Writers are a queer bunch. And by ‘queer’ I mean odd and not ‘gay’ and by ‘not gay’ I mean ‘not homosexual’ although obviously some are. See what I mean about words. Writers are always comparing themselves to each other to see if they measure up: Oh, so you’re a writer are you? Well, I’m an author. So there. Stick that in your pipe and smoke it.
I’m a member of a writers’ group on Facebook which obviously has a fair cross-section of inexperienced authors looking for advice and support and experienced authors willing to be supportive. As it should be. Some of the questions though are really stupid. For example: How long should my chapters be? As long as they need to be. Seriously, how do you answer a question like that? I mean no disrespect to the person who asked it but it evidences a mindset that troubles me; it suggests there’s a right way to do stuff. And, do you know what? There really isn’t.
I can be a bit of a literary snob. I like to read ‘good books’. Most of the authors I go for are dead or not long for this world. They’ve served their time, proved their worth. I’m not anti-newbie—everyone has to begin somewhere—but, if I’m putting my hand in my own pocket, I’ll go for a heavyweight. My favourite author is Samuel Beckett. Nuff said. If anyone deserves the appellation ‘Writer’ then he does. And with a capital w. He’s a writer’s writer. Me? I’m just a writer, someone who writes. I’m a published writer too. I’ve been paid in hard cash for my poetry and my prose so, some would argue, I can now call myself an author. Others would have their hands raised to point out that I really don’t deserve to call myself an author as I don’t support myself through my writing, which is true, but there are a great many famous writers who have to supplement their income as writers because they simply don’t earn enough. Maybe they should be authors-with-a-lower-case-a.
My fellow McVoicer Andrew McCallum Crawford recently asked a question on Facebook: “What's the difference between 'A Writer' and 'Someone Who Writes'? Serious question.” My initial response was a bit flippant. Grammatically-speaking there’s no difference. But I followed the comments with interest. Here are a couple:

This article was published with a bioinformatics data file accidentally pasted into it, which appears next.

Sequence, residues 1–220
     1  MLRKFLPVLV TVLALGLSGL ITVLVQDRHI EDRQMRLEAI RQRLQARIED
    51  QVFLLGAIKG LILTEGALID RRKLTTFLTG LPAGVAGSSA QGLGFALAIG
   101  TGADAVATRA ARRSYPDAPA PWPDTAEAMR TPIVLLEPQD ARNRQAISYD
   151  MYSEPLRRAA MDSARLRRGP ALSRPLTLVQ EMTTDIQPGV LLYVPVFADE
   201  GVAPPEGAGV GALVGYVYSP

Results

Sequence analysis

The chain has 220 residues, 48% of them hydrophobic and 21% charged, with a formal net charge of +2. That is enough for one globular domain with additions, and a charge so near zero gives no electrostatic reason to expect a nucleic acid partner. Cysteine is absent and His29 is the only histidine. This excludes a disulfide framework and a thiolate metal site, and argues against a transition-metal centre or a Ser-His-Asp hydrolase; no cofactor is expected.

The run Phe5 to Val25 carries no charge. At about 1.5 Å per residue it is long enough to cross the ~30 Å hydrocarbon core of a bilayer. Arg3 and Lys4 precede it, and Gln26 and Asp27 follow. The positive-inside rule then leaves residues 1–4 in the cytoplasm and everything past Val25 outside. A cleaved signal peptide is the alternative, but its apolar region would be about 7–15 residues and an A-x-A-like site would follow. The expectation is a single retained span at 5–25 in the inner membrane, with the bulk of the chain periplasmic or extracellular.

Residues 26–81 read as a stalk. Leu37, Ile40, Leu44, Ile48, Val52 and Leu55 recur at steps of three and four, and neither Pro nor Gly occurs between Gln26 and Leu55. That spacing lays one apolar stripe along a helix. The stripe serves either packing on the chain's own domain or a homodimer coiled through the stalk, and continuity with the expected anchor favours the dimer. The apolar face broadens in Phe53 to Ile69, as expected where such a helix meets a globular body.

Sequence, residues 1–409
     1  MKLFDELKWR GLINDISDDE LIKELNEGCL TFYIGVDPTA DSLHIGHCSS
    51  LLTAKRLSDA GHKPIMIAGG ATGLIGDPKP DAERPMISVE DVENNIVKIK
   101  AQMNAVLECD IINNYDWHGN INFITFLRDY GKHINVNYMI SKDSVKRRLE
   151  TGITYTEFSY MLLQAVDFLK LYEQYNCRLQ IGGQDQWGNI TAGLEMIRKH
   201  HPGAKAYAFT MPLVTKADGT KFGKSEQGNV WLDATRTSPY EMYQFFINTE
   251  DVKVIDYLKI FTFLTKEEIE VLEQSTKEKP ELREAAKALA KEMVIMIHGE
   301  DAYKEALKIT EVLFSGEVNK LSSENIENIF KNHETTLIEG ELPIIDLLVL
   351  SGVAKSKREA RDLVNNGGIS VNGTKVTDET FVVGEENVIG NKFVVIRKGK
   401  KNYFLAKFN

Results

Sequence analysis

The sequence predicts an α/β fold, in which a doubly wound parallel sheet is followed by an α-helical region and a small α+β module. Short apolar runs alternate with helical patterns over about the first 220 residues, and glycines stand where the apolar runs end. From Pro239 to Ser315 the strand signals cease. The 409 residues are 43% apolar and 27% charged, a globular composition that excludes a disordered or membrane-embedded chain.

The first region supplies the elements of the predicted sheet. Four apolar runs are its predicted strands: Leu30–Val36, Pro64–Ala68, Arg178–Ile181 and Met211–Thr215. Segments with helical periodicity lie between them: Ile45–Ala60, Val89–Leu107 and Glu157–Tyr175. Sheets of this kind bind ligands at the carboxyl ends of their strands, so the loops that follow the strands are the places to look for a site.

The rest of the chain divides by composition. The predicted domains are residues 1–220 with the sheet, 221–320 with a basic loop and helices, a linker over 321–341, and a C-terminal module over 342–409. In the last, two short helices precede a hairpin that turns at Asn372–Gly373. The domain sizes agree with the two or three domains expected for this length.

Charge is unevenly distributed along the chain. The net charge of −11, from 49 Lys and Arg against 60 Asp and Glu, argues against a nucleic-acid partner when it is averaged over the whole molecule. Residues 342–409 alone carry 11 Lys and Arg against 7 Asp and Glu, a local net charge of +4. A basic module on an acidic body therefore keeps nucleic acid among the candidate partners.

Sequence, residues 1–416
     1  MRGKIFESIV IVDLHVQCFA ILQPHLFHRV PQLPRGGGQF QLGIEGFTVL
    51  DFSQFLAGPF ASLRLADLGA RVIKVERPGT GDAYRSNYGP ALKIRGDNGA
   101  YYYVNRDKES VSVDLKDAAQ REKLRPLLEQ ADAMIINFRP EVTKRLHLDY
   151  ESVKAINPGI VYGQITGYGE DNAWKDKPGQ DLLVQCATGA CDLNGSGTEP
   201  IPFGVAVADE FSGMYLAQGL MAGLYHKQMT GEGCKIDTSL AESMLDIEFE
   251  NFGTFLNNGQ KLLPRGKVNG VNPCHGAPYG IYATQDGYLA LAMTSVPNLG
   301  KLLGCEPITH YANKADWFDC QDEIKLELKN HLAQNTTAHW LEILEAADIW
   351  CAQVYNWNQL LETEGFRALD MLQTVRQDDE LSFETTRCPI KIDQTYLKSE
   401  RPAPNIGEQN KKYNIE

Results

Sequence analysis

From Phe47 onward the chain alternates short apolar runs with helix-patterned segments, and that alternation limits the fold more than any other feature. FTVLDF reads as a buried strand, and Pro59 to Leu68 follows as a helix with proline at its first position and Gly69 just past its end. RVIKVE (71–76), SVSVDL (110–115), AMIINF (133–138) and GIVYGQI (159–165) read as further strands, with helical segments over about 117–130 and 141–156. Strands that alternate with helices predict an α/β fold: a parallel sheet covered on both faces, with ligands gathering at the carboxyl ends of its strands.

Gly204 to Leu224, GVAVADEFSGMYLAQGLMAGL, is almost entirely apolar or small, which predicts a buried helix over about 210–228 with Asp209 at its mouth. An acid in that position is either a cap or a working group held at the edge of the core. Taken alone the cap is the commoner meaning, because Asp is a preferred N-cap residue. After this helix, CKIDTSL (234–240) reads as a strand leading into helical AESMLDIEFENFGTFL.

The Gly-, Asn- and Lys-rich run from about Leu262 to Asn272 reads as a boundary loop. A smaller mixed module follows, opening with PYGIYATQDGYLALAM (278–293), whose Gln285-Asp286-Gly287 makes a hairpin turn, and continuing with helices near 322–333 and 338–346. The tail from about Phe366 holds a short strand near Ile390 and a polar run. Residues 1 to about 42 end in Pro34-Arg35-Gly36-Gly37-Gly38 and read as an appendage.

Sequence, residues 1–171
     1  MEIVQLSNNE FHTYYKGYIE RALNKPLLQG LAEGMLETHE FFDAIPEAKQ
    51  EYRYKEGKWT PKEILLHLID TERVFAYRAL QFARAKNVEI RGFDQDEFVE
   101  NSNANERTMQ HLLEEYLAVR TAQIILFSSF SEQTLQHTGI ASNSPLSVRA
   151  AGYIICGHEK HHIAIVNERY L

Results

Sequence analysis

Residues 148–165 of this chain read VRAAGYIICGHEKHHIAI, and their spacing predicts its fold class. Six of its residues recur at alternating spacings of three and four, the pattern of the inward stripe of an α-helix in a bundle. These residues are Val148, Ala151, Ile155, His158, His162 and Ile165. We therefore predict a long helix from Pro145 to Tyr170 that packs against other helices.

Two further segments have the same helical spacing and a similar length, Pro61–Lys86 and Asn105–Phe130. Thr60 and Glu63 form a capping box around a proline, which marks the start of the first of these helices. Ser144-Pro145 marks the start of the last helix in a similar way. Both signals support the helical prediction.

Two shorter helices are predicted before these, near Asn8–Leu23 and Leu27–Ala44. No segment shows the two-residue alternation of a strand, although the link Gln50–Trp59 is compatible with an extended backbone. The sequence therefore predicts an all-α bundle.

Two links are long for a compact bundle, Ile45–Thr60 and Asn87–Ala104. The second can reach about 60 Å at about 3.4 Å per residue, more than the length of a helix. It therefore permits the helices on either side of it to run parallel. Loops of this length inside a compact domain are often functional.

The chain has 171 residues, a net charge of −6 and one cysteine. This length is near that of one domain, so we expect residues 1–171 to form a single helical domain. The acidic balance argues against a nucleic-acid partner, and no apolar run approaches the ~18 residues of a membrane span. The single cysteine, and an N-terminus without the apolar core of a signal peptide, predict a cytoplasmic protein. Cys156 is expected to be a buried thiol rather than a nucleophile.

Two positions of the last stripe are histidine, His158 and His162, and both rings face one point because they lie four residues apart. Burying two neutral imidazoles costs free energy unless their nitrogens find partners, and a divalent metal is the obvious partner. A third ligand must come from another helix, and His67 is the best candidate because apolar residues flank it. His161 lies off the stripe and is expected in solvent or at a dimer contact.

Raymond Soltysek: For me, someone who writes writes for themselves and keeps it in the bottom drawer of their desk. There's nothing wrong with that, it fulfils an intellectual or emotional need. A writer is someone who puts their work out to an audience and is prepared to engage in a genuine discussion with them about their reaction to that work in order to improve their craft. My problem with the 'professional' and 'amateur' distinction is that many people who work bloody hard on developing excellent craft for years but who don't make money at it are excluded. So my definition depends in one being public and the other being personal and private.
Andrew McCallum: A writer is someone who reduces his or her life to (i.e. defines himself or herself – or is defined – in terms of) the activity of writing. Fundamentally, to be a writer is to be separated from one’s own essence, or nature, as "a plurality of interests, whereby every man and woman has the desire and the tendency to engage in the many activities that promote mutual human survival and psychological well-being, by means of emotional connections with other people'; it is to lead a life in which that nature has no opportunity to be fulfilled or actualised." At least, that's what Marx would have said. Someone who writes, on the other hand, is someone who engages in writing without becoming a
Readers who’ve followed me for a while will have read my definition of what ‘a writer’ is before but for those who haven’t: A writer is a person whose natural response to life is to write about it. Some people when they’re happy dance. Some people when they’re sad write about it. Some people when their wife leaves them go out and get pished. We do what we have to to try to make sense out of life; to impress meaning onto it. Awriter-with-a-capital-w has to write. Most everyone out there can write and might even have a novel in them but only ‘real writers’ (another term people love to bandy about) can’t live with it in them. Some write that book and that’s it; they’ve got it out of their system. With others, the unfortunate—or, depending on your perspective—fortunate few, the book grows back and they need to perform … what shall we call it? … a novelectomy every few years or more often in serious cases.
We all like to think we’re Van Gogh. By that I mean that we all like to think we’re undiscovered geniuses and one or two of us will be. Most of us aren’t. But that doesn’t stop us being whatever we want to be. I am a writer. I am someone who writes. I am someone who has to write. Call me what you will.
Sticks and stones will break my bones
But names will never hurt me.